Hard Things Take Time: Start Them Now

I can’t tell you the number of times I avoided actually just starting a paper, before I checked every possible thing the internet had to offer. Some weeks I would laugh-cry at my schedule wondering how I was going to possibly engage meaningfully in my group project online while also traveling back and forth to Asia. Once I totally misjudged a deadline and ended up writing a 21-page paper on broken hotel lobby computer in Costa Rica at 2am.

And if I learned anything from those coffee-fueled moments of academia adrenaline, it is simply this: just start. Hard things will ultimately take time, but they are worth it. Recognizing that investing in a higher degree must come with the understanding that it will take time is the first step. If you just start, even if you’re not exactly sure where you’re going, you’re making progress. Prior to school, I was paralyzed with “writer’s block,” but really I felt like unless I had exactly the flow and direction of my ideas, it simply wasn’t worth the time to write. Yet, in school, I can’t tell you how many new ideas or “aha!” moments came when I just allowed myself to start. Indeed, this lesson itself led to the creation of this blog!

Be Proud of Yourself.

A Master’s degree is never handed or bought; it’s always earned, and I proved to myself that I was capable, worthy, and skilled in this field. That I belong. I’m a teacher.

I’m proud of completing my program ultimately because doing so took a commitment, sacrifice, and focus. To be willing to take this on is noble in and of itself and to learn, to network, to connect, and to flourish on top of it is nothing short of incredible. To feel proud of yourself? That’s pretty incredible.

Worth It?

In short, yep!

I am me, and I’m not you, so perhaps the Master’s of Education path is not one you want to go down; but perhaps it is. There are no shortages of resources that discuss whether and MEd is worth it, or not.

But ultimately, the vitality, richness, and depth of the program originated from my wonderful classmates and professors who infused the curriculum with life lessons and global experience.

Of equal importance was the professional confidence it imbued in me. If I’m ever feeling a lack of confidence, all I need do is look in the mirror and remind myself:

You’re a freaking MASTER!

[Photo by Vasily Koloda on Unsplash]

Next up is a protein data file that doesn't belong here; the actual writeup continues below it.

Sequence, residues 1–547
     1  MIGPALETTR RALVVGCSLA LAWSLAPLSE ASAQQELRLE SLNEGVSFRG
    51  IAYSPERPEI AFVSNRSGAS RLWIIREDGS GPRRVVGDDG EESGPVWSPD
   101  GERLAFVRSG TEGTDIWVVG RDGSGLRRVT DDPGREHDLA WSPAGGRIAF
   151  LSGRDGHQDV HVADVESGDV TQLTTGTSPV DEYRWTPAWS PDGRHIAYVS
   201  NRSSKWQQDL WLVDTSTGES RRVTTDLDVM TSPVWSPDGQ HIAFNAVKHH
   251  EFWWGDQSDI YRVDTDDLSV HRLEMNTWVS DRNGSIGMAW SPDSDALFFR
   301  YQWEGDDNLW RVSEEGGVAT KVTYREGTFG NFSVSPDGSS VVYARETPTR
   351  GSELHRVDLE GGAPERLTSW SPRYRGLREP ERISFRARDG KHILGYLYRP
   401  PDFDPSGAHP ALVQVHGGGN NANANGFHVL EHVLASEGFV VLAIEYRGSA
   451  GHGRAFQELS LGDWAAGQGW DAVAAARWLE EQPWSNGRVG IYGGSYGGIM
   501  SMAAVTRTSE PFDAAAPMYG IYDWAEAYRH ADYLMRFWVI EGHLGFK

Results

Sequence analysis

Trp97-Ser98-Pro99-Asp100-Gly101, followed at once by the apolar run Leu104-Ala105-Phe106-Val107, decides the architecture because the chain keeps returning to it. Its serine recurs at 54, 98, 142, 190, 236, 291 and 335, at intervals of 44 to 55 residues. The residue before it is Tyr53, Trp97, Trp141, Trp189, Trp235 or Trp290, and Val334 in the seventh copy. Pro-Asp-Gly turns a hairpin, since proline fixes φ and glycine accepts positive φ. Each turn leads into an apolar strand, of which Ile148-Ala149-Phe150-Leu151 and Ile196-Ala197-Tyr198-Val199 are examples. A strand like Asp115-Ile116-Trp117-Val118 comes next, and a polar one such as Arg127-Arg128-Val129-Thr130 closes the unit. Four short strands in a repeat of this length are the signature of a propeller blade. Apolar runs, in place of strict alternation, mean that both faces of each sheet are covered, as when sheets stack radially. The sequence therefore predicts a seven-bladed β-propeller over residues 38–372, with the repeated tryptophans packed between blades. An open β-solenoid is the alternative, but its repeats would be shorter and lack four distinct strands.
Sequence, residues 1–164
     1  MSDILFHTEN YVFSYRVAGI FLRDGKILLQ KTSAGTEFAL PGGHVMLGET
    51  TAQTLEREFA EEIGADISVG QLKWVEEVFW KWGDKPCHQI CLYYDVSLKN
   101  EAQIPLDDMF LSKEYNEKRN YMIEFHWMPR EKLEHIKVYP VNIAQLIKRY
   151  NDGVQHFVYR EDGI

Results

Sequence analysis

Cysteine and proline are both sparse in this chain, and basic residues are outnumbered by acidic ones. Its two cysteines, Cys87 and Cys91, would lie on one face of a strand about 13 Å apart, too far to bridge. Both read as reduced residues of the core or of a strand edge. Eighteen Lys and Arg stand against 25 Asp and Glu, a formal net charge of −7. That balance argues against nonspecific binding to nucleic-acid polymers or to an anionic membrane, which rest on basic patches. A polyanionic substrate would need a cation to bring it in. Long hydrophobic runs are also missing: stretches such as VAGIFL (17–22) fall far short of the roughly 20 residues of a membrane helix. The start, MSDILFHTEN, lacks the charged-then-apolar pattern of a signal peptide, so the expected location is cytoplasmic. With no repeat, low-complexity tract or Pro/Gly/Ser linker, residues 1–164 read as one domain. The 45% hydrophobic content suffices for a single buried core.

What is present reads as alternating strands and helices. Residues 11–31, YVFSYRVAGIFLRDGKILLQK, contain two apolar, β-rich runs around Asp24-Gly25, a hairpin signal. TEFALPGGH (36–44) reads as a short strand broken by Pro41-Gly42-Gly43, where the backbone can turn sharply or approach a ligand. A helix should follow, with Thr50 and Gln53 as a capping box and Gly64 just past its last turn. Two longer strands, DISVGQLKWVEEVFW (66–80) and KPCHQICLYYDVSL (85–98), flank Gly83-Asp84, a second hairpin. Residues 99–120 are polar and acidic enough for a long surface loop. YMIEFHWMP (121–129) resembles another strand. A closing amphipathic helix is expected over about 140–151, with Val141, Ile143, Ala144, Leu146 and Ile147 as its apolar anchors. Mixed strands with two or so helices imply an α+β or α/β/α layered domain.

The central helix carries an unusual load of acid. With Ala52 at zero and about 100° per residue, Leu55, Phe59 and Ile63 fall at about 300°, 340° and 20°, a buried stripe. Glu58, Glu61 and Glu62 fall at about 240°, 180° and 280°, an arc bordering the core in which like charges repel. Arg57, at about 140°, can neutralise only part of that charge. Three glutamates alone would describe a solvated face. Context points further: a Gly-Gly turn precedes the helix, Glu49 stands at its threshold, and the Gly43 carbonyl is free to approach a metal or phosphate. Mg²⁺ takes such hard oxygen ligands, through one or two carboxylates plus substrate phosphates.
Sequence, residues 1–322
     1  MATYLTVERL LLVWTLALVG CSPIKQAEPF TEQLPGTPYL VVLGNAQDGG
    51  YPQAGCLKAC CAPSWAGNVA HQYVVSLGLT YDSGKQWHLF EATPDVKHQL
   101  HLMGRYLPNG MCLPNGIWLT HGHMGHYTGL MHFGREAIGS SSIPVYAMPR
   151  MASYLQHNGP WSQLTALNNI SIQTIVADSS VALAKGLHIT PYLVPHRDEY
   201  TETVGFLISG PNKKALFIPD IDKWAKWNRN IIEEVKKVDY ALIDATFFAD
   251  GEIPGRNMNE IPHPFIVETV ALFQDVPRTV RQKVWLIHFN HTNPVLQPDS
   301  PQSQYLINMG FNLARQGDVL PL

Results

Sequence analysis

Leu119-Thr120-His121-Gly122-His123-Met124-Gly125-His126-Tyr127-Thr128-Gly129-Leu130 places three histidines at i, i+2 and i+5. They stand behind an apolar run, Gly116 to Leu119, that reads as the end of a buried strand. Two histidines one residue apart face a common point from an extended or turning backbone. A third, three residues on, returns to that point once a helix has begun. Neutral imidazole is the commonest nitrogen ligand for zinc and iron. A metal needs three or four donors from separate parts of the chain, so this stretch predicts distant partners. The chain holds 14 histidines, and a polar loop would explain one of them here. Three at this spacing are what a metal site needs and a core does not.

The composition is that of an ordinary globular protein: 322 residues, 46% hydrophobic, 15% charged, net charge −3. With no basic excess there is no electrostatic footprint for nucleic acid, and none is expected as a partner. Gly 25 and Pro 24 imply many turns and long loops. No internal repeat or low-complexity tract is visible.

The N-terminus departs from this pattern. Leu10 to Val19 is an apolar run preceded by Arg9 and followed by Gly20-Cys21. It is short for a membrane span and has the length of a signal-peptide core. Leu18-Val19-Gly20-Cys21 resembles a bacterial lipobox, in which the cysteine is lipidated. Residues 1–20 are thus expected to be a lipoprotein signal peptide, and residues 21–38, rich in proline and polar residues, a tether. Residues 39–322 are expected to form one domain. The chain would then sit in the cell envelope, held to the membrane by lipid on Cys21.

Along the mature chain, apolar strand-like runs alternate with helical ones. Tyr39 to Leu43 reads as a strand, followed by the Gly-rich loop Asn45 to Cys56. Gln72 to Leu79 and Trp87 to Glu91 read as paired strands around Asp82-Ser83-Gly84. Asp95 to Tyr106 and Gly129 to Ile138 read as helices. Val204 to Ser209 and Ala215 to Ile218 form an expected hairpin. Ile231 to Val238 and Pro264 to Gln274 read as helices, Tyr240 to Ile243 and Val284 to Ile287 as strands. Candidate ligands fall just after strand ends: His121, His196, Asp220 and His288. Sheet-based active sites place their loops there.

Educational Theory, Recent + Research-Based

Gardner-ing Multiple Intelligences

This week, I’m inspired by Howard Gardner, and in my pursuit of all things multiple intelligences, I listened to his TEDTalk from 2015 “Beyond Wit and Grit: Rethinking the Keys to Success.” Working in expeditionary schools, I’ve heard quite a bit about grit as a desired character trait, and wit, which Gardner uses in this talk to refer to multiple intelligences.
The overall theme of his talk was to look beyond possessing traits (a particular intelligence style or propensity, or a character trait like grit, in this case) to the application of these. Gardner makes some compelling observations, such as that Hitler had a lot of grit, as did Nelson Mandela. Fair point. Likewise, with multiple intelligences, he states that his research never indicated a hierarchy of intelligence– rather that a rainbow of intelligences exist, and we ought to use this diversity to guide our interactions accordingly.
Gardner’s talk brings up some thoughts for me, particularly now that “community curriculum” is gaining some traction:

  • What is our responsibility as educators when it comes to helping students identify themselves (whether through multiple intelligences, character traits, leadership styles, etc.)?
  • Is it merely enough to simply have students identify these? Or might we even be causing some shallow or deep psychological damage by not following through with a more cohesive way in which students can leverage their learning style?
  • How do we teach application of learning styles?

Ultimately, I agree that, like most things, it is not enough merely to introduce students to a concept– there must be substantial follow-through. I’m curious to hear from schools who have adopted a community curriculum what the teacher training or coaching may look like, as well as what the student guidance looks like following.

[Photo by Samuel Zeller on Unsplash]